I think we are left with teaching the cultural myths not as we were taught (one narrowly political myth as fact) but the many myths as a way of understanding the human endeavour, in a global context, even in the context of the wider ecological environment in which our history is embedded.

To do that, requires a 'renaissance' approach: multidisciplinary, critical and creative.

I'm glad they are teaching critical approaches to history in schools these days. It may be the best they can do commissioned with what must be - by simple practical limitations of numbers of pupils, time and resources - an impossible task.

Sue Purkiss said...

Hope Michael Gove reads this post and these comments!

Anonymous said...

I remember being amazed when I took a peek at the proposed new NC for History the other day. Most primaries I know you get maybe an hour per week for History, tops. Stick in maybe one extra hour a week in secondaries to KS3 and you're seriously supposed to do full justice to those centuries of people and events in just those sessions?

I can understand getting away from learning History in themes, and I get the idea of learning chronologically what happened when, but the overwhelming feeling I got from reading the NC through was that everything revolves around England. Even global History needs to be linked back to English History - not even British History, ENGLISH.

I think the one thing that really NEEDS to be included in History lessons (correct me if it already is) is the concept of forgotten or missing histories. For exmaple, some women's history, or BEM history - I was in the same boat as you and had to wait until University before I suddenly found out that England had a slave trade. Before that, I'd only ever encountered the history of the slave trade in English lessons, and that was in reference to the American slave trade not the English. If you're going to study English history, not only should it include the nastier bits like the slave trade, but it should also be a golden opportunity to teach the concept (like you said) of untrustworthy sources and the fact that some histories are harder to find, and the reasons for that.

I did see someone say on a news wesbite (sorry, memory's gone)that History should be personal to students - which I absolutely disagree with. If you are to study History, you need to do it objectively and you cannot do that if the NC is being touted as personal to you.

A very thorough post - if you don't mind, I'd like to link to it if I ever get round to blogging about this topic from my soapbox :))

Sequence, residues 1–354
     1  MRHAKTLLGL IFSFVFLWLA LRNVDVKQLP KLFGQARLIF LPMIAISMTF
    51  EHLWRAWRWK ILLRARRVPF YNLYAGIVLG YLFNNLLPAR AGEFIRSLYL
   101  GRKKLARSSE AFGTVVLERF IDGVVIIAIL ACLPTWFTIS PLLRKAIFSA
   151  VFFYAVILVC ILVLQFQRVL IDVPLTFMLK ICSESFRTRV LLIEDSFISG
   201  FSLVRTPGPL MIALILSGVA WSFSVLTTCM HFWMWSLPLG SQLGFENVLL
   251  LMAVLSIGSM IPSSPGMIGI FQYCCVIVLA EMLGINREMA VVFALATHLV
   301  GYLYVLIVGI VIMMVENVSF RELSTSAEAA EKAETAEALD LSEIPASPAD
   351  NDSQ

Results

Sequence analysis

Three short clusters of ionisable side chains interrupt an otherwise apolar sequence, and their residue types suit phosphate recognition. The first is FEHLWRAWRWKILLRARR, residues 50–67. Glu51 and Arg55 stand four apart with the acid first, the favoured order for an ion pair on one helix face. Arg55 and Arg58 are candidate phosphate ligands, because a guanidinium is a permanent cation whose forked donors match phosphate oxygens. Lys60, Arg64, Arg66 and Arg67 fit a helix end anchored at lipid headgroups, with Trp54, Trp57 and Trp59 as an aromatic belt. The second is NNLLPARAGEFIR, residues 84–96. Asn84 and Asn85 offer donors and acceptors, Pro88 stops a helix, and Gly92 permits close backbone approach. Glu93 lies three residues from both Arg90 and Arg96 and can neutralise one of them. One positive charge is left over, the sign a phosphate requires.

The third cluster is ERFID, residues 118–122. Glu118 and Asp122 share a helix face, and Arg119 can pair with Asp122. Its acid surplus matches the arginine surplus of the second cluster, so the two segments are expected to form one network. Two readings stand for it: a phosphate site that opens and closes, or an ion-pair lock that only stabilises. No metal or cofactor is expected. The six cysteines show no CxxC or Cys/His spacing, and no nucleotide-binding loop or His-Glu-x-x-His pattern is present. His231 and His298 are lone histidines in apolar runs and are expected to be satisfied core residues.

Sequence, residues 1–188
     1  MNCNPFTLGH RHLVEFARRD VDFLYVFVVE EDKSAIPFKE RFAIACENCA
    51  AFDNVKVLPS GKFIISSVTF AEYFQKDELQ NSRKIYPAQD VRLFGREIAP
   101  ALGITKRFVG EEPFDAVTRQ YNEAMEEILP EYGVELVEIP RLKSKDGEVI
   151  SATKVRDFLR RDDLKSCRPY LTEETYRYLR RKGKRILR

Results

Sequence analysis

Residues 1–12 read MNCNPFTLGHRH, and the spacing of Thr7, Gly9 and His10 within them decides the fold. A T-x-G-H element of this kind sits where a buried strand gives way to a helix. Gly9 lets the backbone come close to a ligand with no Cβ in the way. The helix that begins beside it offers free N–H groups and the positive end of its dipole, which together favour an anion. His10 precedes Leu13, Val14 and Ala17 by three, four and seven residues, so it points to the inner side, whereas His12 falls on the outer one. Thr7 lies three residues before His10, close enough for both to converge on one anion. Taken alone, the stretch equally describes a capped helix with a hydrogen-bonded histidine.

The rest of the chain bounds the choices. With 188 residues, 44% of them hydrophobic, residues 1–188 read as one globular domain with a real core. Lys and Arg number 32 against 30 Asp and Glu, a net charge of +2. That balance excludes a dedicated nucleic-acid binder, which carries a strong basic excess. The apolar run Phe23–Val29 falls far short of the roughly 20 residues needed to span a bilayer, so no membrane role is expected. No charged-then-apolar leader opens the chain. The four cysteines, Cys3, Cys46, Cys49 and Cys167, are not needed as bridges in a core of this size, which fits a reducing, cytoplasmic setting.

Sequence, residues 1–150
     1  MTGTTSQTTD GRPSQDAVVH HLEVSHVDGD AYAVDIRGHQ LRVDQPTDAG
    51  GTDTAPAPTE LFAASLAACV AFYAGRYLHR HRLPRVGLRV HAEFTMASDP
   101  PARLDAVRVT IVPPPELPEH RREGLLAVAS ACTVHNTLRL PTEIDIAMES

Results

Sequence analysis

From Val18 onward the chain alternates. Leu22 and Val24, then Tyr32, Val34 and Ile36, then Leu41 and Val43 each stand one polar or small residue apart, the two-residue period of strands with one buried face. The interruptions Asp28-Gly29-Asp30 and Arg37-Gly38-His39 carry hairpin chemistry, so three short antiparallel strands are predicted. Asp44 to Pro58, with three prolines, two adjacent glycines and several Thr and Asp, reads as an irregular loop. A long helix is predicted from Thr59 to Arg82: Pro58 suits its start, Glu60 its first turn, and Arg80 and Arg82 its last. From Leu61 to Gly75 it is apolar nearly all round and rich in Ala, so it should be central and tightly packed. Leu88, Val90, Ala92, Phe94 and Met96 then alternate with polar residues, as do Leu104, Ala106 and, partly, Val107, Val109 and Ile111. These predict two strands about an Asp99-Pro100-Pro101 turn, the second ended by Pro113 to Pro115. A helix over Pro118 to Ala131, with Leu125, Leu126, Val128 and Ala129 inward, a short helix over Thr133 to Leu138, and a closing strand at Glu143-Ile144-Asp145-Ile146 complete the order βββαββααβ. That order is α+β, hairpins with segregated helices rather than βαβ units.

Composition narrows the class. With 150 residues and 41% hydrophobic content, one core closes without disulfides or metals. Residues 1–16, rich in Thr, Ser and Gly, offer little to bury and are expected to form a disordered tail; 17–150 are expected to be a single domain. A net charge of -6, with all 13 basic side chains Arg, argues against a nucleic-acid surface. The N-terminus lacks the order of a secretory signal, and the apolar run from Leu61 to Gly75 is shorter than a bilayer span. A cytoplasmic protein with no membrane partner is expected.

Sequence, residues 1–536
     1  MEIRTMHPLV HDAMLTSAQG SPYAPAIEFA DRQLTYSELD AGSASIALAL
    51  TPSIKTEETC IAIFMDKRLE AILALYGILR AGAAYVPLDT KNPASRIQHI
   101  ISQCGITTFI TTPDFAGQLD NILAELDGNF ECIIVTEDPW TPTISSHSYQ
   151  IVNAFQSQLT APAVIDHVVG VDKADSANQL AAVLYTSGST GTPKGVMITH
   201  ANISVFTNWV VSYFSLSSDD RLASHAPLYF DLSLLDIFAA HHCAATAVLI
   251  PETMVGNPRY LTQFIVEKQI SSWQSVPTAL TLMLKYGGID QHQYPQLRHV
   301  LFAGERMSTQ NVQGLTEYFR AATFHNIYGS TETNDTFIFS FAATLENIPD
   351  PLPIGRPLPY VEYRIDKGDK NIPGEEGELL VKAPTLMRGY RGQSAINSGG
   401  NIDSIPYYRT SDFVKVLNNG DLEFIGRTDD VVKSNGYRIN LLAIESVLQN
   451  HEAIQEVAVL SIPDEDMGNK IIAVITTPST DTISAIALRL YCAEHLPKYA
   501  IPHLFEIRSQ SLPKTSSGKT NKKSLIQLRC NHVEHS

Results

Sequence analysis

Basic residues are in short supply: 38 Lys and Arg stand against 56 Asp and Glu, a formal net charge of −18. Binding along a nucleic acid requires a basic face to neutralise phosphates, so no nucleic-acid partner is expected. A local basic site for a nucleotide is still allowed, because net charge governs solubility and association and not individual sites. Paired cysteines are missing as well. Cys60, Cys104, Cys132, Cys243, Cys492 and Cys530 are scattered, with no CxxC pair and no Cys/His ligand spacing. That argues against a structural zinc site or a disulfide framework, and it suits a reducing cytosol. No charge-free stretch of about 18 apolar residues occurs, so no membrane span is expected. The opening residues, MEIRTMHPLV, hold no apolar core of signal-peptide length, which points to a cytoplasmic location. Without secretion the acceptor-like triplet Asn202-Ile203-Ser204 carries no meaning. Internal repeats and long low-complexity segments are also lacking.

Anonymous said...

Even global History needs to be linked back to English History - not even British History, ENGLISH.

Sorry, that didn't come across quite as sarcastic as I would have liked!You're quite right when you say that aggrandisement of your country can be a good thing, in the way that feeling good about yourself can be. You're also absolutely right when you say that it can lead to a very narrow viewpoint, and I can't help feeling that if the History curriculum centres solely round English History and how World History impacted on it (which is the impression I'm getting), the NC will end up doing it's studentds a disservice. I mean, how can you work in a multinational world if you see everything through your own culture and viewpoint and aren't used to seeing it from a different angle (like the Reformation and the nun you mentioned).

Brilliant post - got me all chatty!

Sue Bursztynski said...

When I was in my later years of high school, we had a teacher who started us off on the concept of,"who is this historian and what's in it for him?" After that, I thought carefully.

I live in Australia. We were brought up with the history of noble settlers and who "discovered" where, plus, of course, the convicts. Nothing about "terra nullius" or massacres of indigenous people or their lack of rights. Only a few years ago, we had a prime minister who objected to what he called the "black armband" view of history. He wanted the noble settlers and explorers back.

It's quite true that "history" depends on viewpoint. And not only history. Just look at any two newspapers' account of the same event, depending on whether they're left or right biased!

liz read said...

Smack on! Also UK education in days of yore and acquired attitudes were to be cautious of Roman Catholics and as for Jews, I didn't even know what they were. There was one at my boarding school and we just envied her since she didn't have to go to church on Sundays! And as for that association of Jews with the crucifiction, we thankfully were taught it was Herod's fault. Once out of boarding school in real life I caught up fast and was then stunned at the obdurate and unforgiving attitudes that held sway with so many.